Monday, July 28, 2014

Bead quilt tutorial

I didn't really ever plan to write up a tutorial on this piece, but since it was featured in Chapter two of Bored By Back Stitch (page 32), I've gotten too many requests to ignore.

I know it's not technically a quilt, but that's what I'm going to call it since traditional quilts were the inspiration.  Please don't yell at me about it!

1. Cut a piece of fabric just slightly larger than your final desired measurement to account for shrinkage while beading.  Cut and iron a lightweight fusible interfacing to the back.

2. I started by measuring off the central square and stitching its outline in, of all things, BACK STITCH!  See, I don't hate back stitch...I just want variety.

3. Next I added back stitched lines off to each side of the central square.  These were filled first...

4. by bead embroidered herringbone stitch, which was then topped off by another back stitch line.

5. ...and the other side by bead embroidered peyote stitch, which was also topped off.

6. The next block was filled in with bead embroidered right angle weave.  This block did not end up being the top, but at the time I wasn't sure.

7. Starting from the middle, I worked bead embroidered chevrons out towards each edge.  See how they are taller than the block outline?  No problem: just make the lines longer!  I added short stacks between each stitch, but I didn't fill the central holes so that the fabric color would shine through.

8. I added free-standing bead embroidered chevrons to each corner and filled them to round them out.  See how uneven and wonky some of the black lines are?  Not to fear.  The next step is to run thread back and forth through all of them, adding beads where needed and filling the holes completely with thread.  This acts to straighten out the lines.

9. With the lines as straight as I can get them, the quilt was finished off by stitching a blanket stich border with embroidery floss and beads, and then stitching it invisibly to a piece of mat board.

Copyright 2014 Cyndi Lavin. All rights reserved. Not to be reprinted, resold, or redistributed for profit. May be printed out for personal use or distributed electronically provided that entire file, including this notice, remains intact.

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Friday, July 25, 2014

heART beats from other blogs!

Charlene Sevier
Book Review: The Complete Photo Guide to Making Jewelry (2nd Edition)

Origami-Inspired Calling Card Holder Suits Gift or Credit Cards
This origami-inspired card holder had two large pockets on the inside and 2 "secret" pockets on the outside. It holds about 20 cards and fastens with an elastic ponytail holder.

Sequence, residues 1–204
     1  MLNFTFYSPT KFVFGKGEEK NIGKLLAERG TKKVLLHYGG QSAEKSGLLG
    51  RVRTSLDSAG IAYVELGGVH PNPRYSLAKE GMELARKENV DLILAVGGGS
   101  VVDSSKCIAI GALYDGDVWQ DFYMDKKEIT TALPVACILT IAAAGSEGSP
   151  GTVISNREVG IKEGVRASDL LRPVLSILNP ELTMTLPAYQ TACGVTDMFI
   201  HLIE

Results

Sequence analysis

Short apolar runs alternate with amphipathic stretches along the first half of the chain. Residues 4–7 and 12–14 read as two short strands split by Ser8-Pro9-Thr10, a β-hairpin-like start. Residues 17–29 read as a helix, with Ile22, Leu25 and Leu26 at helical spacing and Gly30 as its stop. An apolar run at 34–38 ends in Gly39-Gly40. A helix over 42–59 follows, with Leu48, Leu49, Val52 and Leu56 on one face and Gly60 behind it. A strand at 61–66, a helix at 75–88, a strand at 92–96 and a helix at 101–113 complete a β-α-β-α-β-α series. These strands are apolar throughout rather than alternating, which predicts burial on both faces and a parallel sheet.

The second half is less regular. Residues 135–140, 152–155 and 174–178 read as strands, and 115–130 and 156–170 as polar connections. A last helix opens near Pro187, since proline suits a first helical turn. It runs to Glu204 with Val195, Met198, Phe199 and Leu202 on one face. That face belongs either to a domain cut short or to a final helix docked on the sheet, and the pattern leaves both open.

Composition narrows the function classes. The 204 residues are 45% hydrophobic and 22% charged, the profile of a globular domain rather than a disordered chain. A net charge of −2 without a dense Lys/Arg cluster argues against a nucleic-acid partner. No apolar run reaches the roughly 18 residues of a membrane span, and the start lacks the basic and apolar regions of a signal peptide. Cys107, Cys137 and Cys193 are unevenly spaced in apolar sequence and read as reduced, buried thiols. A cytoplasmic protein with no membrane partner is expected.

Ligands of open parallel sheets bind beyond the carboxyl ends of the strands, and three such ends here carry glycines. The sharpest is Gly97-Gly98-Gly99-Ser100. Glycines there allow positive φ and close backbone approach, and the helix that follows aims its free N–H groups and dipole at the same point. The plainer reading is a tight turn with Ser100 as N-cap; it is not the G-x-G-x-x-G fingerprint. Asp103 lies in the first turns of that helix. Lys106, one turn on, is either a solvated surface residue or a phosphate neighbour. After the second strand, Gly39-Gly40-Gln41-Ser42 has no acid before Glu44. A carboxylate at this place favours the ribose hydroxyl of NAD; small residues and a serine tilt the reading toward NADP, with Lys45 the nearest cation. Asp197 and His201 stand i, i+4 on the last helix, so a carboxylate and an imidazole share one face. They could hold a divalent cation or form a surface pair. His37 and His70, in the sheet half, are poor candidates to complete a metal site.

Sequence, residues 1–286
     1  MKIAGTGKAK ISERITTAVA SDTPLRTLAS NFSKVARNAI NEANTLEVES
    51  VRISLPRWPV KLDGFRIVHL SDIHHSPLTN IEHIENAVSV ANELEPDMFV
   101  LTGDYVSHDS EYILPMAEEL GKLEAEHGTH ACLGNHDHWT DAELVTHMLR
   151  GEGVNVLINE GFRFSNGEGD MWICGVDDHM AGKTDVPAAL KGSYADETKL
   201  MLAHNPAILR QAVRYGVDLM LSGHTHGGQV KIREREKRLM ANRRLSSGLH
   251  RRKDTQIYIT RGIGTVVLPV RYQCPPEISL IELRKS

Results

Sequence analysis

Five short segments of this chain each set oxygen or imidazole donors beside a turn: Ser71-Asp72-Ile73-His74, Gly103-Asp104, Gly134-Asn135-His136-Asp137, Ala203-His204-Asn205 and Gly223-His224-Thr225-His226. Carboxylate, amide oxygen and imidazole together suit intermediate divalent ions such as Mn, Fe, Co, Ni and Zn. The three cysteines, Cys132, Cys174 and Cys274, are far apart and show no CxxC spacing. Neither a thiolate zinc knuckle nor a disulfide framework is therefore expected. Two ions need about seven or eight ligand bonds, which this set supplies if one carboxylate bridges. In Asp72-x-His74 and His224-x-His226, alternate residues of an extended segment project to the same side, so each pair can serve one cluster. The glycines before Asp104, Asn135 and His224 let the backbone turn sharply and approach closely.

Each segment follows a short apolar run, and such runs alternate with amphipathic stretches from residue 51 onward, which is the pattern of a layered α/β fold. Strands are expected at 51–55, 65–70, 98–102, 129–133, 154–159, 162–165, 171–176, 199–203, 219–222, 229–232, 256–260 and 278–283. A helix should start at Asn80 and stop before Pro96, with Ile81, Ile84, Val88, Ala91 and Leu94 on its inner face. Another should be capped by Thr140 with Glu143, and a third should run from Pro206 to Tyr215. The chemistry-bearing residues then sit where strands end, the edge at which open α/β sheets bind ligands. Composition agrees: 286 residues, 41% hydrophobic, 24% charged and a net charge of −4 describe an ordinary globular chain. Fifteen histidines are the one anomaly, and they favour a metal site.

Resin Crafts
What could be cooler than miniature people at the beach?

Art Bead Scene
Check out Ema's new favourite tool - her wood-forming block for making curved metal components!

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Wednesday, July 23, 2014

Which fabric to choose for shibori flower project?

I want to make a non-wearable piece, just a pretty bead and embroidery picture, and I'm having trouble deciding which fabric should be the background.  I started out with a whole bunch of fabrics and narrowed down over a few hours.

The two contenders are both pieces of muslin that I free-style marbled years and years ago.  As you can see, the one above is subtle and doesn't interfere with the focal pieces.

BUT, the other has more of the colors of the flowers in it, and seems to be a slightly better match, although it is a busier pattern.  Which would you choose?

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Monday, July 21, 2014

Bead Journal Project: July 2014

Cerulean Shoals - a metal mesh ribbon cuff

I am very very excited about this new piece that I did for the Bead Journal Project this month!  I have been looking for other textiles that would give an organic look to my work like pleated shibori silk ribbon does, and I stumbled upon metal mesh ribbon.  Not that the two look alike, that's not what I mean.  I was looking for that organic quality that the silk has, and the metal mesh ribbon seemed to be a distinct possibility.  You can stretch it and bend it, pinch it and fold it, stick stuff inside it, and best of can easily stitch through it.  So here is my first attempt, in all it's turquoise-y glory!

There are step-by-step instructions for this piece in Chapter 3 of my e-book Bored By Back Stitch!



Copyright 2014 Cyndi Lavin. All rights reserved. Not to be reprinted, resold, or redistributed for profit. May be printed out for personal use or distributed electronically provided that entire file, including this notice, remains intact.